Dec 272010
 

Chronic methamphetamine (meth) use can be difficult to overcome.  If you are someone looking to get clean, or know someone who does, this article can provide some help.

Some of the challenges to recovery from meth use include the following:

  • Meth recovery can take a long time, with some of the damages incurred from meth use being permanent and irreversible.  For chronic users, significant improvement may take as long as a year or two before it begins to show.
  • Concentration, decision-making and memory are all severely compromised in a chronic meth user.  These cognitive deficits may make it harder to follow treatment directions and recommendations.  Guidance from a family member will do much to help.
  • Expect to hit a ‘wall’ at about 45 days of sobriety.  Symptoms would include a sudden intensified surge of depressive symptoms and a marked inability to experience any pleasure.

Addicts withdrawing from meth generally do not need any medical attention, as the withdrawal does not produce any medically dangerous manifestations like heroin or alcohol.  However, during withdrawal, meth addicts feel significant confusion, memory problems and impaired decision-making ability.  This stage lasts for about two weeks, and is characterized by cognitive deficits, fatigue, hunger and depressive symptoms.  Some may have psychotic symptoms which will need medical attention.  Once the withdrawal period is over, focus must shift towards preventing relapse.  Here are some research-proven treatments which help addicts recover from meth addiction:

  1. Contingency reinforcement – use of rewards as positive reinforcement for meeting goals.  Typical rewards may include gift checks or restaurant vouchers given after positive events such as a clean drug test.  These small rewards have been shown to improve commitment to treatment.
  2. The 12 steps – research show that meth users who attend 12 step meetings such like Narcotics Anonymous (patterned after Alcoholics Anonymous) had better treatment outcomes than those who did not attend any such programs.  The greater involvement and commitment to the 12 step program, the better outcome achieved.
  3. Family involvement – the family lends invaluable support to the recovering meth addict, especially during early recovery.  The longer a meth user spends in treatment, the better his chances of recovery and non-relapse.  Family members can encourage users to stay in treatment, boosting the success of rehabilitation.

  4. Education – meth users should be taught about the drug, and its effects on the body, the brain and the psyche.  In addition, they should be taught about the course of relapse, recovery and abstinence.  By knowing what to expect, they feel in better control.

Methamphetamine rehabilitation is a difficult process.  Users who attempt to stay clean should be given resources and support to have the greatest possible chance for success.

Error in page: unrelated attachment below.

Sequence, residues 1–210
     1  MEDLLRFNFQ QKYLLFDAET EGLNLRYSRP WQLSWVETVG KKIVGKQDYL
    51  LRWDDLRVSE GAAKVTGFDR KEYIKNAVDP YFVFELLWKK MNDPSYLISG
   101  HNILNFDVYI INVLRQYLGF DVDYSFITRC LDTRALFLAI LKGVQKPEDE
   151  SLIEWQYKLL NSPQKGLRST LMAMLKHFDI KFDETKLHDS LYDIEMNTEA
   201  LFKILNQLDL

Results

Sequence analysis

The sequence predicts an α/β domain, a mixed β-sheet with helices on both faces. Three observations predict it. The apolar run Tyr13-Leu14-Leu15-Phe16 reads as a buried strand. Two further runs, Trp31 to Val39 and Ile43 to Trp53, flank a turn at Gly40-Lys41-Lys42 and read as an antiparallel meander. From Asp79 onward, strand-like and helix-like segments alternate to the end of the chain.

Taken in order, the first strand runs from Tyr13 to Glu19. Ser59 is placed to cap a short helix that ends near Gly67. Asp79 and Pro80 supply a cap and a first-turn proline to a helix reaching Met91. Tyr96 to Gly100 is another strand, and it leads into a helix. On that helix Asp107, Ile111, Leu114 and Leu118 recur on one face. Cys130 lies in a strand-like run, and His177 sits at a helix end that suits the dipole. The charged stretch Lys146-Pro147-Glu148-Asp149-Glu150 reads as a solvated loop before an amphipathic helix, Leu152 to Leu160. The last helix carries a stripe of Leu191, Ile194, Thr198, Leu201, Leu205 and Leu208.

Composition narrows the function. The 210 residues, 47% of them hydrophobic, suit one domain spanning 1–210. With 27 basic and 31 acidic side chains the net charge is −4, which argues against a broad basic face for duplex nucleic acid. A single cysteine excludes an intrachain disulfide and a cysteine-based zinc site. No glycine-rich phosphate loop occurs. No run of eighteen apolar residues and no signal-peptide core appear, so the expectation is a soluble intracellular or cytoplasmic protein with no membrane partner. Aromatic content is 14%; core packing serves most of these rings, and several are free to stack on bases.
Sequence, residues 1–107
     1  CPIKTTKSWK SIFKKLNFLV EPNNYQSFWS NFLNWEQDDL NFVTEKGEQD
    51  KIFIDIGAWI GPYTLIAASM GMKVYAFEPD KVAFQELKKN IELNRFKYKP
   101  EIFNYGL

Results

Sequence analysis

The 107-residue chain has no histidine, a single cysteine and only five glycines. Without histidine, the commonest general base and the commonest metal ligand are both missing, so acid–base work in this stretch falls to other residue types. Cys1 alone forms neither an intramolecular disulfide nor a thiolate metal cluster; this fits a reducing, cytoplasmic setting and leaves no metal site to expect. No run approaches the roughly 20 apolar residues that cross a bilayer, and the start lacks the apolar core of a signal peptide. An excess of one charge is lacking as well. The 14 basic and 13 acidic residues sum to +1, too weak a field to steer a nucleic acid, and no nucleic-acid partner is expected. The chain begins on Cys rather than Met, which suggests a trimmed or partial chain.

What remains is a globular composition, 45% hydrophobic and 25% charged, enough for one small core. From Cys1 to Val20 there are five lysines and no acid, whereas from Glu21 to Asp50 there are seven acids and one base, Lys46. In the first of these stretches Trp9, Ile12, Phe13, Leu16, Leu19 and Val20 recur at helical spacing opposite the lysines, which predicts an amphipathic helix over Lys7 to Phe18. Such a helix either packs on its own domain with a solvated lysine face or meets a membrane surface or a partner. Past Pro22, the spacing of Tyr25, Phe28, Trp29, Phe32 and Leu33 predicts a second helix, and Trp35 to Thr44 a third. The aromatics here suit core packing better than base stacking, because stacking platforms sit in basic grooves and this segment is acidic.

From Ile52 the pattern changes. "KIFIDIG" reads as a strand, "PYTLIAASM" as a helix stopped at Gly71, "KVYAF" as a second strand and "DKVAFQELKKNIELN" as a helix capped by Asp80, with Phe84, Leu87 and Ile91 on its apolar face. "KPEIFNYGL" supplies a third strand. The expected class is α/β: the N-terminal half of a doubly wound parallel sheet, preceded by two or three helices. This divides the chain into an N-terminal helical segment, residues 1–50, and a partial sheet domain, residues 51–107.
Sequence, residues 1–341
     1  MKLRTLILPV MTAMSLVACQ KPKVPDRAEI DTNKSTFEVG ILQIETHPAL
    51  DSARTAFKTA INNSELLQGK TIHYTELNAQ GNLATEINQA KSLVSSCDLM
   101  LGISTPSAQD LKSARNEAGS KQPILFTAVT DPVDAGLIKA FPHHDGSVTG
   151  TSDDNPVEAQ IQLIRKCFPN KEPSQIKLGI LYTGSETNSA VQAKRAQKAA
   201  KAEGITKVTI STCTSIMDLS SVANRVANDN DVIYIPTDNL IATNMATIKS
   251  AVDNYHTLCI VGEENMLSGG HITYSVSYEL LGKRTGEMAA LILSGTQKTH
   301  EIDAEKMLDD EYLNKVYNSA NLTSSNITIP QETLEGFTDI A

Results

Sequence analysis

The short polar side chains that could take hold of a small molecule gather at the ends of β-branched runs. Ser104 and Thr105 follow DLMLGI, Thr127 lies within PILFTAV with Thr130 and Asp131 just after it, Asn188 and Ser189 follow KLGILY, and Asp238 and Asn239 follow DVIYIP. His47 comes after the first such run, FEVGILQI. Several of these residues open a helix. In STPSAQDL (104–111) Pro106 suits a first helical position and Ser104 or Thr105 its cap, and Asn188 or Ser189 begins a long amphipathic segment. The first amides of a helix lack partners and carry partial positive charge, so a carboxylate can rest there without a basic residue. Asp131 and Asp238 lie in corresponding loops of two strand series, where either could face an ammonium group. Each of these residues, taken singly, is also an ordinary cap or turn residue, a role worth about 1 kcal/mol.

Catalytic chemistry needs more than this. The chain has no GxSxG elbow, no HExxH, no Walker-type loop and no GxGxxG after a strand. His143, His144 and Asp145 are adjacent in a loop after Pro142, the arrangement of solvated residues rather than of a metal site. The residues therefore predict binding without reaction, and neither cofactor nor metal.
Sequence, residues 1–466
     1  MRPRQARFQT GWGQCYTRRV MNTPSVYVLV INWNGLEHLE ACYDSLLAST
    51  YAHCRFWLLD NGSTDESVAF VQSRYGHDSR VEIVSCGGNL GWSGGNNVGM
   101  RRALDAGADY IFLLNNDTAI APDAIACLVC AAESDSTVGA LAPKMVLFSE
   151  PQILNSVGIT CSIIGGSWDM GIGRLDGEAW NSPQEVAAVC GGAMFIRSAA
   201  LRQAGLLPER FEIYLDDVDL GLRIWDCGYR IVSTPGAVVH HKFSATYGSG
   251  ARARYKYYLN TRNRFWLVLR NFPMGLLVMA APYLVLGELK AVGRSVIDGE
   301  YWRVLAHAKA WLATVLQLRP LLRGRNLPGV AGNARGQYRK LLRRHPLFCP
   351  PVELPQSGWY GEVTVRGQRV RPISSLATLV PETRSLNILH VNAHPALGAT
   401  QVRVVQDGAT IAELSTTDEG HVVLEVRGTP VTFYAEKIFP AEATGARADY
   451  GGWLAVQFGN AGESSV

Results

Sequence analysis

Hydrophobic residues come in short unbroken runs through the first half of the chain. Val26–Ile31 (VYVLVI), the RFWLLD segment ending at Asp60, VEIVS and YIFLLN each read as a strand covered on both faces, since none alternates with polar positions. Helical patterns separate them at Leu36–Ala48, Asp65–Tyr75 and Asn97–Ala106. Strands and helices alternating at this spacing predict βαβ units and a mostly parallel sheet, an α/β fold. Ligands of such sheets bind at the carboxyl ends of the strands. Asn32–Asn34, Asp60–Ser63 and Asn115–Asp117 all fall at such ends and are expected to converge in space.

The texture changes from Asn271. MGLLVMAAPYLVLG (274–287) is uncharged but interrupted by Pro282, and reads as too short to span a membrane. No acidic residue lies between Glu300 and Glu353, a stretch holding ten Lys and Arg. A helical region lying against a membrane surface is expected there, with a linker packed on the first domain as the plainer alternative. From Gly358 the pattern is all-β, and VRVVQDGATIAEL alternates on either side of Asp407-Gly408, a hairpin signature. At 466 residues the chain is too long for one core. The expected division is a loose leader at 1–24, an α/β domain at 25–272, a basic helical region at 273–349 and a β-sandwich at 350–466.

This post was written by Joana Chrystal Ventura-Moises, a registered nurse and an expert on plumbing supplies and vessel sinks.

Jun 052010
 

It took me many years and leaving no stone unturned to get to that “breaking point” where I was willing to admit I had a problem.  Not a problem with drugs and alcohol but a problem living without drugs and alcohol.  I was pretty much a garbage can at the end of my using.  I would do anything that anyone had to use.  I was living on the streets some nights high on meth-amphetamins so I didn’t have to sleep, or I was nodding out on someones couch that would let me in because I had enough heroin to get them high also.  It was a miserable existence coming from an upper class family and all my life having everything that I ever needed and more.  Before I created enough chaos to no longer be welcome in either my families household I fought everything tooth and nail with both parents.  I had to get to a point where I didn’t have any other choices and eventually I did.  I had been running from my problems for about three years and really had no where else to turn.  I fancied myself a bit of a hustler thinking that if I just could make one big score things would be alright.  Eventually my actions ended me up in jail facing some sever criminal charges and I finally got to a point where I was willing to ask for help.

I think that point was crucial for me, having always thought that if people would just get off my back and let me use the way I wanted to use I would be alright.  That breaking point came when I was sitting in jail for the 4th time that year and this time they weren’t going to let me out.  I had been to drug treatment before and didn’t think that was going to work but I also didn’t know what really was going to work.  I knew I couldn’t keep living the way I was living without some serious consequences, which at the time I was already facing.

I reached out to a family member and asked them what I should do and if they could help me.  They were well trained in the arts of Alanon and basically told me that I had no other option but to go back to rehab.  During my first few months in that treatment center I was basically bogged down with legal commitments and it’s kept a good sense of fear in me to just do what I was told to do.  It was exactly what I needed unfortunately.  This healthy fear kept me willing to do the things that were suggested and when I was released from that rehab I managed to get on the right path.  I hope everyone gets a chance to sober up if they have a drug or alcohol program, I even think that people outside

the program could really use

the 12-steps.

Eric P.